Date of Award
Doctor of Education
Graduate School of Education and Professional Development
Type of Degree
Lisa A. Heaton
The purpose of this study was to determine what the effects of virtual clinical simulation instruction were on the learning outcomes of students in higher education medical-surgical nursing education courses. This study fills a gap in the literature by adding data to the body of knowledge related to the use of this strategy for practical application in the classroom. This study used a causal comparative design. Data were acquired from the ATI Content Mastery Series (CMS) 2.1 Medical Surgical Examination ™ information for the fall 2006 through fall 2008 academic semesters. Additionally, data were collected using a pre- and post-course Medical-Surgical Nursing Self-Assessment Survey administered to the medical-surgical virtual clinical simulation comparison group during the fall 2008 semester. Participants were higher education undergraduate medical surgical nursing students at one urban private university enrolled during the 2008-2009 academic year. Students were fluent English speakers and had a grade point average (GPA) of 2.5 or greater in nursing coursework. Participation in the survey was voluntary. Benefits of the research included positive effects of using virtual clinical simulation to deliver medical-surgical nursing content. Findings revealed that students who received virtual clinical simulation instruction significantly demonstrated (p = .000) for medical surgical content mastery and 100% of students demonstrated positive growth (p = .000) in perceived competency. Results empower nursing stakeholders such as administrators, program chairs, faculty, and students with information for decision-making about learning outcomes, limitations, and recommendations related to the use of virtual clinical simulations in medical-surgical nursing education courses.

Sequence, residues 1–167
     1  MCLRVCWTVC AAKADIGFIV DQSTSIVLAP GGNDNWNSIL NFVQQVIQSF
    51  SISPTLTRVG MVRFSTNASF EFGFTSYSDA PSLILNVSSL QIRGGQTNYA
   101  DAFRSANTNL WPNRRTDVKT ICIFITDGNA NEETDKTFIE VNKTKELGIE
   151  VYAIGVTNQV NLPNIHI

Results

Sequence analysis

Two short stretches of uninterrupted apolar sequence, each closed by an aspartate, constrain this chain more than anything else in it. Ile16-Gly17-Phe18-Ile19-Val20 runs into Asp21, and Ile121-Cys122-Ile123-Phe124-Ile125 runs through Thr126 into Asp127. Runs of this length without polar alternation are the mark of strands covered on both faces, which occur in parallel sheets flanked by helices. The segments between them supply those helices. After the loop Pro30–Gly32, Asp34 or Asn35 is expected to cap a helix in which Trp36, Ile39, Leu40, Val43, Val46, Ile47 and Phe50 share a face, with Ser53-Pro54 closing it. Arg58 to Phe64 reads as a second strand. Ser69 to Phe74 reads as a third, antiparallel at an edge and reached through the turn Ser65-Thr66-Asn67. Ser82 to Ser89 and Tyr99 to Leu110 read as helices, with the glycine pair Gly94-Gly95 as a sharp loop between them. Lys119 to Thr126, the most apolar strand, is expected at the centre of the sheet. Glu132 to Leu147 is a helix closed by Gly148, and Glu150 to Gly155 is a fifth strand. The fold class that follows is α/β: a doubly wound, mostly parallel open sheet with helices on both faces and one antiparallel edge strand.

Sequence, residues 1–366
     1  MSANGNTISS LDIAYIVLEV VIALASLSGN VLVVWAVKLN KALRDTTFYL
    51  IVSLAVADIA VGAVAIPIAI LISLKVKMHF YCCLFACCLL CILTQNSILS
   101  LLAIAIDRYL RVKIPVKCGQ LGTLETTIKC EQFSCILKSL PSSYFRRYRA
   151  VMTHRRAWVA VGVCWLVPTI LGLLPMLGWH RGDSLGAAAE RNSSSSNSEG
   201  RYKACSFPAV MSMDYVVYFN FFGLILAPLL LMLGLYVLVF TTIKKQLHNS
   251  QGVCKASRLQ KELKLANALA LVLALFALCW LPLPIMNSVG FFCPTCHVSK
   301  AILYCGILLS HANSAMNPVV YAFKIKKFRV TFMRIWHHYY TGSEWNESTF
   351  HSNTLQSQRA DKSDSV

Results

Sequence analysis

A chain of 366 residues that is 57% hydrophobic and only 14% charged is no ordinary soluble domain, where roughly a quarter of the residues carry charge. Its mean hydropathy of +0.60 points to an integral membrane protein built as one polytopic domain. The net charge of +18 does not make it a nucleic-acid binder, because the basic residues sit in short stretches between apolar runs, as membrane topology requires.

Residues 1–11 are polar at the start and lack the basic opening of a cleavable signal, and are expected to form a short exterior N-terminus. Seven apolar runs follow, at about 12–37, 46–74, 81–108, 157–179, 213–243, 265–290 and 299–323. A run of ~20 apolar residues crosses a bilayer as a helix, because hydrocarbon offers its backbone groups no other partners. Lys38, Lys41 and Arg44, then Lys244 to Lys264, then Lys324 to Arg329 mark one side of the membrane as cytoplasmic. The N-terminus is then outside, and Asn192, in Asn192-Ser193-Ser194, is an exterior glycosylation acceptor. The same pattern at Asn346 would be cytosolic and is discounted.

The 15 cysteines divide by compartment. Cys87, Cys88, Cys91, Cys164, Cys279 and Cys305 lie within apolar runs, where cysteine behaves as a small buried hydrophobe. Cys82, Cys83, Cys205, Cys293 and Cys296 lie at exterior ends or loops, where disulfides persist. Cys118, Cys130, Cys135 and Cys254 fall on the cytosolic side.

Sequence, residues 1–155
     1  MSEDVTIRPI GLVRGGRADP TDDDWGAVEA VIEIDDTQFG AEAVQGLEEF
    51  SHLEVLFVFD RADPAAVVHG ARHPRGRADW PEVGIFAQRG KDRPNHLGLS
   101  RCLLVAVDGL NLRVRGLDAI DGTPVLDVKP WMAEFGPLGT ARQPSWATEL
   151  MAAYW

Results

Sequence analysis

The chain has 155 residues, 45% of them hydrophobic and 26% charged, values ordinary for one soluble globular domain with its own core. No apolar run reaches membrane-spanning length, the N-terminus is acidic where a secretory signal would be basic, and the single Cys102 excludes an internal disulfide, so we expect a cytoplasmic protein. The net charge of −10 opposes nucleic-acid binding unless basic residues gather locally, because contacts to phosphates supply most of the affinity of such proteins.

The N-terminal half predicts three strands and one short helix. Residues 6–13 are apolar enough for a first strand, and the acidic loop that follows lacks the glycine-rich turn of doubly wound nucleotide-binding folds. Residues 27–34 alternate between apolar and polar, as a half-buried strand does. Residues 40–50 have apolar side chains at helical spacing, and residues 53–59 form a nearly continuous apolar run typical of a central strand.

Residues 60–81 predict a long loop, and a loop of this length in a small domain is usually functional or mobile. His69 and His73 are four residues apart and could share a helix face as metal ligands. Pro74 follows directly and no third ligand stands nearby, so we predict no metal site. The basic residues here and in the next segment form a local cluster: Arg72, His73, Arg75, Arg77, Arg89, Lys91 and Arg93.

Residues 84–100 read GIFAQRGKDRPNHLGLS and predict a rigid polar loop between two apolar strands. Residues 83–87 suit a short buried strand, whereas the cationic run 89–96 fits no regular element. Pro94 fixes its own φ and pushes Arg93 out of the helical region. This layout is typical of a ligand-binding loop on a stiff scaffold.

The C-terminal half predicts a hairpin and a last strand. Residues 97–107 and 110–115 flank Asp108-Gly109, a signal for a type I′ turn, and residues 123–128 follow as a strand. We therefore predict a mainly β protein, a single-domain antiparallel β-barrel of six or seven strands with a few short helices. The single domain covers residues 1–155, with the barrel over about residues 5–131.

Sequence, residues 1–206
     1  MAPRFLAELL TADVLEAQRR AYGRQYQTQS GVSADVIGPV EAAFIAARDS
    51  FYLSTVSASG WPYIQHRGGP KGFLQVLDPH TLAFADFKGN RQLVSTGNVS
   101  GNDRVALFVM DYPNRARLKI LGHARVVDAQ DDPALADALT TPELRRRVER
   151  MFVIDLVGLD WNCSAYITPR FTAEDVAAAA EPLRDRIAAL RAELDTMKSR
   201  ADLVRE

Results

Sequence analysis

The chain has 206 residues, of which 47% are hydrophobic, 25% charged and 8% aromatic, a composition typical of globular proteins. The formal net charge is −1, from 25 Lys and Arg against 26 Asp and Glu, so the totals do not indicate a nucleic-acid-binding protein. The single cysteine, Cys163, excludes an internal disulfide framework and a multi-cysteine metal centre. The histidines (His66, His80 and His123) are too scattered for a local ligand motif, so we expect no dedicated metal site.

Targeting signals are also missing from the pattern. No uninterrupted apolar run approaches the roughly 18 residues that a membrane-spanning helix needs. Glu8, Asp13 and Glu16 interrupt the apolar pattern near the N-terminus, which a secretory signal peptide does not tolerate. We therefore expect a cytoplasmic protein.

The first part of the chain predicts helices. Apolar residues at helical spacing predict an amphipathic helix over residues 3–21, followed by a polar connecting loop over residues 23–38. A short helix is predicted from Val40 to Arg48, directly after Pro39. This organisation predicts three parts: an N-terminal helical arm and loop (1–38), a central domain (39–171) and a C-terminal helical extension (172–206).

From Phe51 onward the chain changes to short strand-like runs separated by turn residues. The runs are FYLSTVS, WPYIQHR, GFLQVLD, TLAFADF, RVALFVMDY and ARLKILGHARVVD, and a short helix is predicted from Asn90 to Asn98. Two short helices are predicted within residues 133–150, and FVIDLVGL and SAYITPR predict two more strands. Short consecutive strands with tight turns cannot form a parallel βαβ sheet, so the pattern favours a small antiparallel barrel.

Lewis, Robin A., "The Effect of Virtual Clinical Gaming Simulations on Student Learning Outcomes in Medical-Surgical Nursing Education Courses" (2009). Theses, Dissertations and Capstones. 139.